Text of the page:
The Texas A&M University School of Nursing has received a four-year, $4 million grant from…
A&M Rural and Community Health Institute created the Brazos Valley Post Discharge Care Coordination program
Most of the time when you go to the Emergency Department (ED) of your local hospital, it’s for a genuinely urgent and serious reason: a suspected heart attack, symptoms of a stroke or perhaps a major injury. However, some people visit the ED because they have nowhere else to go for their health care. The trouble is, the ED was never meant to be used like a primary care practice. Caring for people that way is very expensive, and it diverts resources away from patients with true medical emergencies.
That’s why the Texas A&M Health Science Center Rural and Community Health Institute (RCHI), which provides solutions to small community or rural facilities that may otherwise have restricted access to certain programs and expertise, has stepped in to help by creating the Brazos Valley Post Discharge Care Coordination program (BVCCP).
Section 1115 of the Social Security Act allows states to submit a waiver to give them more flexibility in designing transformative, pilot or demonstration projects (called DSRIP, or Delivery System Reform Incentive Payment) that benefit Medicaid-eligible individuals. BVCCP is just one of about 1400 projects around the state managed under the Texas Healthcare Transformation and Quality Improvement Program. The state is divided into 20 Regional HealthCare Partnerships (RHPs), and the Brazos Valley is part of RHP-17, covering nine counties with 32 different projects and receiving approximately $93 million from the Medicaid 1115 Waiver.
The BVCCP receives a list from local hospitals of potentially eligible patients—those perhaps using the ED repeatedly or inappropriately, or those who came in with a serious condition that requires follow-up, but who do not have good insurance or a primary care physician.
Karla Blaine, B.S.N., RN, CPHQ, head of the program, explained that she and her team contact these patients referred from the hospitals—nearly all of whom are uninsured, underinsured or on Medicaid—to find out what is preventing them from having good access to health care. About 40 percent of referred patients are unreachable, either because they don’t respond or because their contact information is not correct. Another 40 percent are reached but decline services. Even though it is completely free of charge to them, only about 20 percent of those referred choose to enroll in the program, but the several hundred who do choose to become clients have cut their utilization of the ED by 30–35 percent.
The program aims to reduce barriers to health care by helping clients obtain basic health information, find affordable community medical services like a primary care physician or clinic and connect with resources that help them stay healthy. Blaine and her team also coordinate care for their clients by communicating with their health care team, ensure the person has needed medications and help them get to their medical appointments.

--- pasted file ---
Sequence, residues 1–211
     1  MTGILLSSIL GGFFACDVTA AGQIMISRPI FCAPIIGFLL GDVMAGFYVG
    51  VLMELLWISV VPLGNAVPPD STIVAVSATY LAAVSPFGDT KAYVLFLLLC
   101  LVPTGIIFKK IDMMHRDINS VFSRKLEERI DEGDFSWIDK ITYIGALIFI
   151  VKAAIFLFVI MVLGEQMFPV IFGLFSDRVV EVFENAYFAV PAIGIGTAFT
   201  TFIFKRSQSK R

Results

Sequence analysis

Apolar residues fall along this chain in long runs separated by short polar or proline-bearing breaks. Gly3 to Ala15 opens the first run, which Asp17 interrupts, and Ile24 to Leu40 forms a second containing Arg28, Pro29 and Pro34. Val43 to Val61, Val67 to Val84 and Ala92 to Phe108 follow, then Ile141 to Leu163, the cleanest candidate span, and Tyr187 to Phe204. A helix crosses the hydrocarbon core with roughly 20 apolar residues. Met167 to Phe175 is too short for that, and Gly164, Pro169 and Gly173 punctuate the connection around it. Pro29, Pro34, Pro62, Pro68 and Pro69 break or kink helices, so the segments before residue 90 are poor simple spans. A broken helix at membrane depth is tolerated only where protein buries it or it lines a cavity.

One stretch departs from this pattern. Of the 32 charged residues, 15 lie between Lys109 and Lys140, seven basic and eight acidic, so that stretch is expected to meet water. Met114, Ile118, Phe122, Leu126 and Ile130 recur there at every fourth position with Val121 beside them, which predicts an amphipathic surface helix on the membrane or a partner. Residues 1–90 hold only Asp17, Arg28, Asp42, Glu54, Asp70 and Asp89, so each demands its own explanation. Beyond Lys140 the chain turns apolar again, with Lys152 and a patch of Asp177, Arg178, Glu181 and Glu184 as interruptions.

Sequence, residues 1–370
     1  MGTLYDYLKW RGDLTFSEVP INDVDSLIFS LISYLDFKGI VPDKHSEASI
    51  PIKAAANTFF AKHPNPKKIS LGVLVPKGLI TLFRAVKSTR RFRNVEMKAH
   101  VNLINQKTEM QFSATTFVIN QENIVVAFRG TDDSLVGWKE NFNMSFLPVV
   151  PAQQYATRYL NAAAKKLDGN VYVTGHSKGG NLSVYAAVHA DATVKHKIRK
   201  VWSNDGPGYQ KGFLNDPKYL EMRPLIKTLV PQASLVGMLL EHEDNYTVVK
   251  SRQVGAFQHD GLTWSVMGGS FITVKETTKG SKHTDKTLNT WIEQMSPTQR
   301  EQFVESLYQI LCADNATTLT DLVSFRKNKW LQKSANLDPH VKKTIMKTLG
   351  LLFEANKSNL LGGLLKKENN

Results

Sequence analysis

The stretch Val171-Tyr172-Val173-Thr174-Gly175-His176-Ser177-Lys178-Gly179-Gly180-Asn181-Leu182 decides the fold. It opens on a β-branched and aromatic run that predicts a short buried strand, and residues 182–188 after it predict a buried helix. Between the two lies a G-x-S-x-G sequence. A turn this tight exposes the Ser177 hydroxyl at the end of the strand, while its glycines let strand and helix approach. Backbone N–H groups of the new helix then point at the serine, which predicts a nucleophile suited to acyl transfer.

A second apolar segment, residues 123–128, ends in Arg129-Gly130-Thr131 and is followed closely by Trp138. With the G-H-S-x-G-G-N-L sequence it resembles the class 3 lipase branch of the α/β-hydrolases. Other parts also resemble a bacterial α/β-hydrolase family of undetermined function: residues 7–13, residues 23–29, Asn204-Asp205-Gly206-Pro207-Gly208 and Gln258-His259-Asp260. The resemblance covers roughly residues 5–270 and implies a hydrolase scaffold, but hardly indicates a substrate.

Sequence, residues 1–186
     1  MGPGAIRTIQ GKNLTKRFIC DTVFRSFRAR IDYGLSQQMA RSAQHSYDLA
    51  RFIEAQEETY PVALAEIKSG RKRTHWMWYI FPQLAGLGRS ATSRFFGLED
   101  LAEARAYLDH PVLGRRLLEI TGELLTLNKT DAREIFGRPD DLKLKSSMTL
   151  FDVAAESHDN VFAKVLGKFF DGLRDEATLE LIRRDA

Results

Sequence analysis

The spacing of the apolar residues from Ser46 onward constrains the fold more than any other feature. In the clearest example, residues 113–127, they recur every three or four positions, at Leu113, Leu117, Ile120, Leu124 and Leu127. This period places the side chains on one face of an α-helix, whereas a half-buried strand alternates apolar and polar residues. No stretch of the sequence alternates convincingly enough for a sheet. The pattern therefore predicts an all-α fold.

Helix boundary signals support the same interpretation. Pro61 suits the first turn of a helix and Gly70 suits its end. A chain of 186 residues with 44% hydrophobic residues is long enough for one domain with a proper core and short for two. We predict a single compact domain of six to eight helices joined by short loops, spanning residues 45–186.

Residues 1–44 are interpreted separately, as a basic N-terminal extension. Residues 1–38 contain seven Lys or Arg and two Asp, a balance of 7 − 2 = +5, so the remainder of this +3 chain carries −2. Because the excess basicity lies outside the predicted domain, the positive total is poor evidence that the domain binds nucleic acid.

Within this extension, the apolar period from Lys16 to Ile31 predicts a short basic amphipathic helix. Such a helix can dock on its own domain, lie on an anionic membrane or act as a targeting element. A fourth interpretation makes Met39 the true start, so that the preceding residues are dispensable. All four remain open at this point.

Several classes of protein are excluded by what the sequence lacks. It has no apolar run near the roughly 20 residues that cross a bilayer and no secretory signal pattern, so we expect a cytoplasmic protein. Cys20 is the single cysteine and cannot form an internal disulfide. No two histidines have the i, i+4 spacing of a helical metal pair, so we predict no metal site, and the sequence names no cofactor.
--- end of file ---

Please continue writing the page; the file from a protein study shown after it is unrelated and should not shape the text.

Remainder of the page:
They also provide their clients with additional resources to support good health. “We reach out to different community organizations, such as food banks or affordable housing, to connect people with the services and other help that they need,” Blaine said. “We hope that if they’re socially stable, we can focus on their health care.”
When the Texas Healthcare Transformation and Quality Improvement Program began, the Texas A&M School of Public Health did population studies to determine community needs and provided the information to regional decision makers who were looking at how to best utilize the funds. The BVCCP program was designed in 2012 and began taking clients in October 2013. In that two-year period, Blaine, who was already working at RCHI and who has a background in case management, estimates that the program has already saved local hospitals approximately $1 million.
The current waiver expires at the end of September 2016, but the state is applying for an extension, which would allow the program to continue for an additional three years.
“We’re able to really help people with things they would not get help with otherwise,” Blaine said. “We try to advocate for our clients, connect them to a source of primary care as well as community resources, and our goal is to help improve their everyday lives. When a client has access to regular primary care, any chronic diseases are better managed, new problems are detected sooner and potential complications or hospitalizations are avoided. This is good for the client, improves the health of our community and better manages our limited health care dollars.”
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